Date: Oct 27, 2005 9:16 PM
Author: Arthur J. O'Dwyer
Subject: Re: On NP Completeness and Intractability
On Thu, 27 Oct 2005, Randy wrote:
> Arthur J. O'Dwyer wrote:
>> On Thu, 27 Oct 2005, Randy wrote:
>>> Or am I still confusing apples (problems) with oranges (solutions)?
>> Yes, you are. /Algorithms/ have asymptotic complexity. /Problems/ do
> So if I may summarize (boy, do I know how to court danger), the value of
> CC seems to lie in:
> 1) identifying a problem's theoretical omega (lower bound) in the
> solution space (like sorting's NlgN), and
I guess. Of course, you can do that without the labels "P" and "NP".
> 2) characterizing classes of problems as being computationally
> equivalent (polynomially equivalent?), which is useful because:
> 3) when problems A and B are in the same CC class, both are
> inter-reducible polynomially, therefore problem A can be solved using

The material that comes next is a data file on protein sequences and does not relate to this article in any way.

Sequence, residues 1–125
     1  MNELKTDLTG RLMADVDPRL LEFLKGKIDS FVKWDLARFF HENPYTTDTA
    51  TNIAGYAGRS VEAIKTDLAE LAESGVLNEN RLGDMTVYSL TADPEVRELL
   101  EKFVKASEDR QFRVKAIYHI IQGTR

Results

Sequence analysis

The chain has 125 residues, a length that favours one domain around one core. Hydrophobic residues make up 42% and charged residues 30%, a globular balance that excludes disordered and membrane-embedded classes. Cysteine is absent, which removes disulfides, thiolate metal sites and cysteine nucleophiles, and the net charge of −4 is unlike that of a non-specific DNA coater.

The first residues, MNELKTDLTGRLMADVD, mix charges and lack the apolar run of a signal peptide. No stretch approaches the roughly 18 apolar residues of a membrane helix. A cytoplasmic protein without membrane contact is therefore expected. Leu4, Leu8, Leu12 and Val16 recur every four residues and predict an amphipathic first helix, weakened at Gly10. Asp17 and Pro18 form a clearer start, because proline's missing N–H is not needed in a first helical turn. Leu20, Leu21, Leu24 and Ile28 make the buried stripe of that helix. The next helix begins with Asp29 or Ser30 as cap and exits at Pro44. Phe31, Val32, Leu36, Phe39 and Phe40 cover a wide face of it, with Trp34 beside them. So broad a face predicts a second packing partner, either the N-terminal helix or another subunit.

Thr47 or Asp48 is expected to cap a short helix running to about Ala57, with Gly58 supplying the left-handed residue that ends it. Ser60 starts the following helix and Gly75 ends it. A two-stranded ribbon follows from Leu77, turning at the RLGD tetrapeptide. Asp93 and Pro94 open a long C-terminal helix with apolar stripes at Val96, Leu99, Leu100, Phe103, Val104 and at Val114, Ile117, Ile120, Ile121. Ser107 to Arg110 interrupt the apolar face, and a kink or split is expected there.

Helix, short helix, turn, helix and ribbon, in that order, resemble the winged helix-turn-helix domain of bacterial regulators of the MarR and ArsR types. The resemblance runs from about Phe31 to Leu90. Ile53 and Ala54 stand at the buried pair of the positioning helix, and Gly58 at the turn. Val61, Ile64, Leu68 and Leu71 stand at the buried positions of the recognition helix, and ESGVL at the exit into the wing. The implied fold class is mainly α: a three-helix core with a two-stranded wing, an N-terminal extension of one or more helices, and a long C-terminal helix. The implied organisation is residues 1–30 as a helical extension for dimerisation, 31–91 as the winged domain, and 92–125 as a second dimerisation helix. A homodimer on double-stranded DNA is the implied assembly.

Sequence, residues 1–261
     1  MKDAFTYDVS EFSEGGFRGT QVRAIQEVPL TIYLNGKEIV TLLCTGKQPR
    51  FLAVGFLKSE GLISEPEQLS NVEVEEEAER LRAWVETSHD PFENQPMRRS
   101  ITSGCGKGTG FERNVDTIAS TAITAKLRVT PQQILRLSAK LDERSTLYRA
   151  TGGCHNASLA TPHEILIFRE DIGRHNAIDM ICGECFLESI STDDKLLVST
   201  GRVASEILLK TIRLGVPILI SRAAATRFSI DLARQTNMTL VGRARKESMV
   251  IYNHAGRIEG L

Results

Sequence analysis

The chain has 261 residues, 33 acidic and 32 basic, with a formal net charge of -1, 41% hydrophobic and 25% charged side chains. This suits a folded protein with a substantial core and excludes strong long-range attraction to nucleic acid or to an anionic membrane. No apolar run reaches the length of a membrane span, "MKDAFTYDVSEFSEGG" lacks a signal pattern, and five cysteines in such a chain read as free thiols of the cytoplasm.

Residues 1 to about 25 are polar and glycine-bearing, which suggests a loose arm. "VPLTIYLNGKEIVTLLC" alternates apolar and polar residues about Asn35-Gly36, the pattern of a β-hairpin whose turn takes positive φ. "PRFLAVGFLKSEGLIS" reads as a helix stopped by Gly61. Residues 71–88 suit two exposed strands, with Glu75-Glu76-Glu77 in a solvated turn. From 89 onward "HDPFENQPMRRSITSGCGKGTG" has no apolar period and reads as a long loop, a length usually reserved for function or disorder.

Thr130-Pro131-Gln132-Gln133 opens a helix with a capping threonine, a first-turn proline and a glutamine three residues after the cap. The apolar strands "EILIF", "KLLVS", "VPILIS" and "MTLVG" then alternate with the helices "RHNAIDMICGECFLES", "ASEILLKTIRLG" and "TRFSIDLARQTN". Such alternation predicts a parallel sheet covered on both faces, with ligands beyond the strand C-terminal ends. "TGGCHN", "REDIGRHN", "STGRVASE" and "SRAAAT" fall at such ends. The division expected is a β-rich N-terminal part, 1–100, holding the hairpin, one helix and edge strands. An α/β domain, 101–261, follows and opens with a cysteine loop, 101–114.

> problem B's algorithm, at no worse than a polynomially greater runtime
> cost. (We know that B's algorithm is "feasibly" powerful enough to
> solve either problem).
Close. If A and B are both in P, we can't say much of anything about
relationships between A and B. Ditto if A and B are both in NP. /But.../
If A is in NP and B is in NP-Complete, then we can definitively say
that A can be reduced to B, therefore A can be solved using (one of)
B's algorithm(s) at no worse than a polynomially greater runtime.
>>  - I'm fairly sure there exist classes of problems with no "best"
>> solution, but merely an infinite family of solutions each of which is
>> better than the last. I don't have any examples, but I'd be interested
>> to see one.
> As Tim Chow has suggested, perhaps chess or go?
Tim didn't suggest either of those as problems with no "best" algorithm;
he suggested those as problems (probably) not in NP. I don't see any
reason to leap from one conjecture to the other.
(I'm not saying your suggestion is wrong; I'm just saying it doesn't
seem justified by logical reasoning.)